Sen. Ron Johnson responded to a request for his account of White House meetings by providing an 11-page letter to Congress which declared “it is entirely possible” that Lt. Col. Alexander Vindman leaked information from President Trump’s Ukraine call.
The Wisconsin Republican sent the letter to the ranking Republicans on the House Intelligence and Oversight Committees, Rep. Devin Nunes of California and Rep. Jim Jordan of Ohio, on Monday on the eve of testimony by Vindman, a National Security Council official.
(Video: Fox News)
Johnson, the chairman of the Senate Foreign Relations Committee’s Europe subcommittee, slammed the House impeachment inquiry into Trump as an “effort to sabotage the Trump administration,” and cast doubts on the closed-door testimony Vindman gave to the House Intelligence Committee about what he heard when he listened in on the July 25 phone call Trump had with the newly-elected Ukraine president.
Vindman and Jennifer Williams, an aide to Vice President Mike Pence, are scheduled to appear before the House Intelligence Committee on Tuesday and in previous testimony expressed their concern over Trump’s call with Ukrainian President Volodymyr Zelensky, which led to the impeachment inquiry.
— Conservative News (@BIZPACReview) October 30, 2019
Johnson, who attended Zelensky’s inauguration on May 20, recounted in his letter a conversation he had with Vindman.
“I had just finished making the point that supporting Ukraine was essential because it was ground zero in our geopolitical competition with Russia. I was surprised when Vindman responded to my point. He stated that it was the position of the NSC that our relationship with Ukraine should be kept separate from our geopolitical competition with Russia. My blunt response was, ‘How in the world is that even possible?’” Johnson wrote.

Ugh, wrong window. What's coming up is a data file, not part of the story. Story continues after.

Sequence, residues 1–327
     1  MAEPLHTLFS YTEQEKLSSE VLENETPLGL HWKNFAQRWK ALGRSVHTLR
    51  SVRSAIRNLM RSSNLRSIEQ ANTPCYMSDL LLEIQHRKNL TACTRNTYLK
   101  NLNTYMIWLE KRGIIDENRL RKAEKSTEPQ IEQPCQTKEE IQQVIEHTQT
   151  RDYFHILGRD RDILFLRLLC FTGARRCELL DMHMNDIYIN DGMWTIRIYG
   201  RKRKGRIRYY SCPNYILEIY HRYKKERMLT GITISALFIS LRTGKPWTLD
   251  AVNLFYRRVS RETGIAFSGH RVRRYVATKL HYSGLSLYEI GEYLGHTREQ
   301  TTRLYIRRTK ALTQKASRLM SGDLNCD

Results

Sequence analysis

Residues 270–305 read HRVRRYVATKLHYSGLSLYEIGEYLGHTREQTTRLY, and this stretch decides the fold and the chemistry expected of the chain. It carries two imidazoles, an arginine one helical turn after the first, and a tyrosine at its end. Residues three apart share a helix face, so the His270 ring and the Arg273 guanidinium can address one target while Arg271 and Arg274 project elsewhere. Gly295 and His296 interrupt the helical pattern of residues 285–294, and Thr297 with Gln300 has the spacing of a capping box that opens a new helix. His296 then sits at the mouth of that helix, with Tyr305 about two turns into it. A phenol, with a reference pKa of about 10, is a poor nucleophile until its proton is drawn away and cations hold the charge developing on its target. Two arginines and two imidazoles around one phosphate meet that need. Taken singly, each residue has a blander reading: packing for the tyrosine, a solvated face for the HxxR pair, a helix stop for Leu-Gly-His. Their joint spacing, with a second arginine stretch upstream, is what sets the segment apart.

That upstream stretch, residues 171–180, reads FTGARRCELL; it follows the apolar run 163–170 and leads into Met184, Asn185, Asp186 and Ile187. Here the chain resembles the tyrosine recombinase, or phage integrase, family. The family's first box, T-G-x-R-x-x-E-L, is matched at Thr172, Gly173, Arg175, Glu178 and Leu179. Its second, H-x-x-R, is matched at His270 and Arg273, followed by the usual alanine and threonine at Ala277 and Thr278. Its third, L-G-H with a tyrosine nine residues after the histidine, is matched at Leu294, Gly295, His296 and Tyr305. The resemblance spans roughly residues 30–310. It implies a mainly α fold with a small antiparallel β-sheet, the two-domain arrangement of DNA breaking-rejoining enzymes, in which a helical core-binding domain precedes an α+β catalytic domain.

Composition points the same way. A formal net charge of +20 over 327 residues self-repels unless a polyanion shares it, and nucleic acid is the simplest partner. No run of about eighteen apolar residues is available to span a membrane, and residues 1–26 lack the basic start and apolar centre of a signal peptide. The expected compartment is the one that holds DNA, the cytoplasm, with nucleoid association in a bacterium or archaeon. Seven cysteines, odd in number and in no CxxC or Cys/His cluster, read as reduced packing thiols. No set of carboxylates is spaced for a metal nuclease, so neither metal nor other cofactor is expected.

“I do not know if Vindman accurately stated the NSC’s position, whether President Trump shared that viewpoint, or whether Vindman was really just expressing his own view. I raise this point because I believe that a significant number of bureaucrats and staff members within the executive branch have never accepted President Trump as legitimate and resent his unorthodox style and his intrusion onto their ‘turf,’” he continued.
“They react by leaking to the press and participating in the ongoing effort to sabotage his policies and, if possible, remove him from office,” Johnson added. “It is entirely possible that Vindman fits this profile.”
The lawmaker added that his view is reinforced by Vindman’s own words from his previous closed-door testimony.
“Vindman’s testimony, together with other witnesses’ use of similar terms such as ‘our policy,’ ‘stated policy,’ and ‘long-standing policy’ lend further credence to the point I’m making,” Johnson wrote.
“Whether you agree with President Trump or not, it should be acknowledged that the Constitution vests the power of conducting foreign policy with the duly elected president. American foreign policy is what the president determines it to be, not what the ‘consensus’ of unelected foreign policy bureaucrats wants it to be,” he continued.
Johnson recommended that individuals who disagree with Trump have a choice on their course of action.
“If any bureaucrats disagree with the president, they should use their powers of persuasion within their legal chain of command to get the president to agree with their viewpoint,” Johnson wrote. ” In the end, if they are unable to carry out the policy of the president, they should resign. They should not seek to undermine the policy by leaking to people outside their chain of command.”
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